In a rather truncated, but still insightful interview with Alexia Tsotsis at TechCrunch Disrupt 2014 this year, legendary Silicon Valley investor Peter Thiel spoke about many things he has become famous (or infamous) for, including anti-aging research, the HBO show "Silicon Valley" and his opinions on education. When someone becomes such a cult of personality that TV shows start creating comedic, fictionalized versions of them--as HBO did with Thiel on "Silicon Valley" with its character "Peter Gregory"--you find yourself simply writing down their quotes as they speak. Here are some of the more interesting things I caught while at the interview.

About HBO's "Silicon Valley": "It's a Good Show." Thiel said he is flattered by the character played by deceased actor Christopher Evan Welch, on the show. In one scene Thiel--excuse me, Gregory-- gives a lecture on why young people shouldn't go to college.

"I'm skeptical of a lot of what falls under the rubric of education.... People are on these tracks. They are getting these credentials and it's very unclear how viable they are in many cases." It wouldn't be a Peter Thiel interview if he didn't express concerns about the American education system. This one was no different. Thiel said his "fundamental" view on this is that there is no "one size fits all" education for every person.

Ironically, when asked what he might have been had he not gone into investing, Thiel said he might have been a teacher.

"Anti-aging is an extremely under-explored field." The discussion about "atoms and bits" mixed into a brief mention of the growing field of anti-aging. It was obvious through his brief comments that he thinks this area, which Google is already exploring, has tremendous potential. Thiel agreed when Tsotsis asked if he thought someone alive today would live to be 2,000 years old, but when she asked if he thought he would live that long, he said he was "too superstitious" to say.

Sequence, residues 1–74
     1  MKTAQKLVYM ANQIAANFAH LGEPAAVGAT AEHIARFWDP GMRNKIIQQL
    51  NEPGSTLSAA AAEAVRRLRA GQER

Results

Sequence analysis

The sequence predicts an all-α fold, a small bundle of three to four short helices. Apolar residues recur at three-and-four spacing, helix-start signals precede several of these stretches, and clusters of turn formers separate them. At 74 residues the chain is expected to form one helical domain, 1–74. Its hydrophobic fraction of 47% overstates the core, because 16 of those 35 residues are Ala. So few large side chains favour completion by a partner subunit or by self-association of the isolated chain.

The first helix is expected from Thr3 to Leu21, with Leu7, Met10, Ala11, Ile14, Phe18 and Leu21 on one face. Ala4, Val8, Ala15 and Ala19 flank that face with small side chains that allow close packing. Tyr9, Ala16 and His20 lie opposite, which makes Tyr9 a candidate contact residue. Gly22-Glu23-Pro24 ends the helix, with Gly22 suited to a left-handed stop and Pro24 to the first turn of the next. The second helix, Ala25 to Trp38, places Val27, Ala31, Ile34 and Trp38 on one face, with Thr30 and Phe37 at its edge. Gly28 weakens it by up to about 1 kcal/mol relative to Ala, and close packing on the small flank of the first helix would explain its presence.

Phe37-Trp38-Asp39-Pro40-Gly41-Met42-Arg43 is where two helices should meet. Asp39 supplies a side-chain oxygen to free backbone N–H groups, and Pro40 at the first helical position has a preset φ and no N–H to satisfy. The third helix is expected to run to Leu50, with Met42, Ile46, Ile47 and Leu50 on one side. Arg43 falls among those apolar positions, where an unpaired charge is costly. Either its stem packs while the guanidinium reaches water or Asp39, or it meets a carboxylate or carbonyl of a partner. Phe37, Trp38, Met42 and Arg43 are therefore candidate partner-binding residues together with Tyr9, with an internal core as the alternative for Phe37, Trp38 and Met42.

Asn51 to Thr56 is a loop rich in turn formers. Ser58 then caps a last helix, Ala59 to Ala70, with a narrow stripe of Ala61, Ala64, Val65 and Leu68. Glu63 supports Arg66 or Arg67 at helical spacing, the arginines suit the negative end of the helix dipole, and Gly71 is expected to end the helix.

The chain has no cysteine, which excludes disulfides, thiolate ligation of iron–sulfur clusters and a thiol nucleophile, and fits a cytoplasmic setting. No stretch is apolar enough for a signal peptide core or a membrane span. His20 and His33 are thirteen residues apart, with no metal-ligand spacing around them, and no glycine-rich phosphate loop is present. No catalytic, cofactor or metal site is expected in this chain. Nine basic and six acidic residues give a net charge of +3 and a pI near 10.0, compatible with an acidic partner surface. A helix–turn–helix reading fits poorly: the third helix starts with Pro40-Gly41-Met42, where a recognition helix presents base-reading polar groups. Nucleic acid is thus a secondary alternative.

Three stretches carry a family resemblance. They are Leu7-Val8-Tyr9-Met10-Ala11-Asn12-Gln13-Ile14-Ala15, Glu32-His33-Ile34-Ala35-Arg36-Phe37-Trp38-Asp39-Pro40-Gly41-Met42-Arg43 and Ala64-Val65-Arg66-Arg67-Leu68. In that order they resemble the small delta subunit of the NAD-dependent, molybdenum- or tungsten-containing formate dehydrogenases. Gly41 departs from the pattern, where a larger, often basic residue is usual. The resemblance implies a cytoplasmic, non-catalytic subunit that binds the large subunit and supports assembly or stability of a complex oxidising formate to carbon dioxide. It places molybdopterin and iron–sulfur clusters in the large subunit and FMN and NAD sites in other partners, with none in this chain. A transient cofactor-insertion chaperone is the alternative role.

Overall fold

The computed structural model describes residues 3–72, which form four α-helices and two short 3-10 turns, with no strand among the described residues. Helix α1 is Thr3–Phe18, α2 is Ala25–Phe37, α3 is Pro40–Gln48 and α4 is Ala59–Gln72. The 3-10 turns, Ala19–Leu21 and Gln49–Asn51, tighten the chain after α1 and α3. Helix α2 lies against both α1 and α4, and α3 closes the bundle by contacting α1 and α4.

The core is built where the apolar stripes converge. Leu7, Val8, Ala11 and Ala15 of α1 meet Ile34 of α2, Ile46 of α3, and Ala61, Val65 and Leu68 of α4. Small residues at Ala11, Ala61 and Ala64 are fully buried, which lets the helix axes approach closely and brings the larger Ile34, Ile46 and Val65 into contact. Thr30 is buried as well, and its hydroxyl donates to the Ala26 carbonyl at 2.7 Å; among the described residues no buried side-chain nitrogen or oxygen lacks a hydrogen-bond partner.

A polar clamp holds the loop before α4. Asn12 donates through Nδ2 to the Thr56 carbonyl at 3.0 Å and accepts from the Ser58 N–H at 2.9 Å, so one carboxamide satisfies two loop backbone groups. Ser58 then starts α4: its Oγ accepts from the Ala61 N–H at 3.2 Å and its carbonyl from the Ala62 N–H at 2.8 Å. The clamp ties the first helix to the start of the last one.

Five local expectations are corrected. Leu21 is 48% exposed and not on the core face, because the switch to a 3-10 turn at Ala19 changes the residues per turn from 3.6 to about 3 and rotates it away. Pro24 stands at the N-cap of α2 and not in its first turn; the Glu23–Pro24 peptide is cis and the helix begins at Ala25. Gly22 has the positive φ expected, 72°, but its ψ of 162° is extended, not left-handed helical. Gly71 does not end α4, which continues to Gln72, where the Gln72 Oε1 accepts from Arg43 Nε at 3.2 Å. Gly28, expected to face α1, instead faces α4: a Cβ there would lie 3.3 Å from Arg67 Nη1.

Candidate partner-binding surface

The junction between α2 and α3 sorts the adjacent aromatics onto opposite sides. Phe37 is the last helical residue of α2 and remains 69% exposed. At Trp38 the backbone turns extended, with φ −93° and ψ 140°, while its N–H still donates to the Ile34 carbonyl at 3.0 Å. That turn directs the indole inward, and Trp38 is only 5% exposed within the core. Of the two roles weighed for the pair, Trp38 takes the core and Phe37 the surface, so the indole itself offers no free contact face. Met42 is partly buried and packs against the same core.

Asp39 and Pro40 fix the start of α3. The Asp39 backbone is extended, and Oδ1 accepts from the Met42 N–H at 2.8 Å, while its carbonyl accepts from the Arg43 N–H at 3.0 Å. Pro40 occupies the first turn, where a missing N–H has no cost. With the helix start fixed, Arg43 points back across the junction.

"I'm short on New York, long on Silicon Valley." Thiel talked for a few minutes about the investment dynamics in both New York and San Francisco. While he feels great about the Big Apple's ongoing growth in tech, he feels the Bay Area is the true center of the tech world and will stay that way. Silicon Valley, to his mind, will be "the center of the U.S. Economy" through the next two decades.

Re: Silicon Valley: "We're better than the rest of the country but we shouldn't believe it too much." Thiel admonished Valley entrepreneurs who get too cocky or smug about their success. He said that only hard work and continuing innovation in the next 10-20 years can ensure the Valley keeps its position as the center of tech on Earth. He also mentioned that the next 10-20 years could be more about connecting "the world of atoms and bits" through biotech, self-driving cars and others.

Uber is "way more" evil than Google: In a discussion about the fierce competition between Uber and Lyft, Thiel, referenced the oft-criticized business practices of Uber. He prefaced his comments by noting he is an investor in Lyft, and said Uber is "the most ethically challenged company in Silicon Valley."

"Great investments may look crazy but really may not be." That's the lesson Thiel took from considering investment in Elon Musk's SpaceX in 2008. He said some investors thought it might look like too crazy an idea to invest in, but in retrospect, wasn't. Thiel and his Founders Fund did make the investment. He cited the fact that the rockets worked well even then as well as a big NASA contract as indications that the company was headed on the right track.

Published on: Sep 9, 2014
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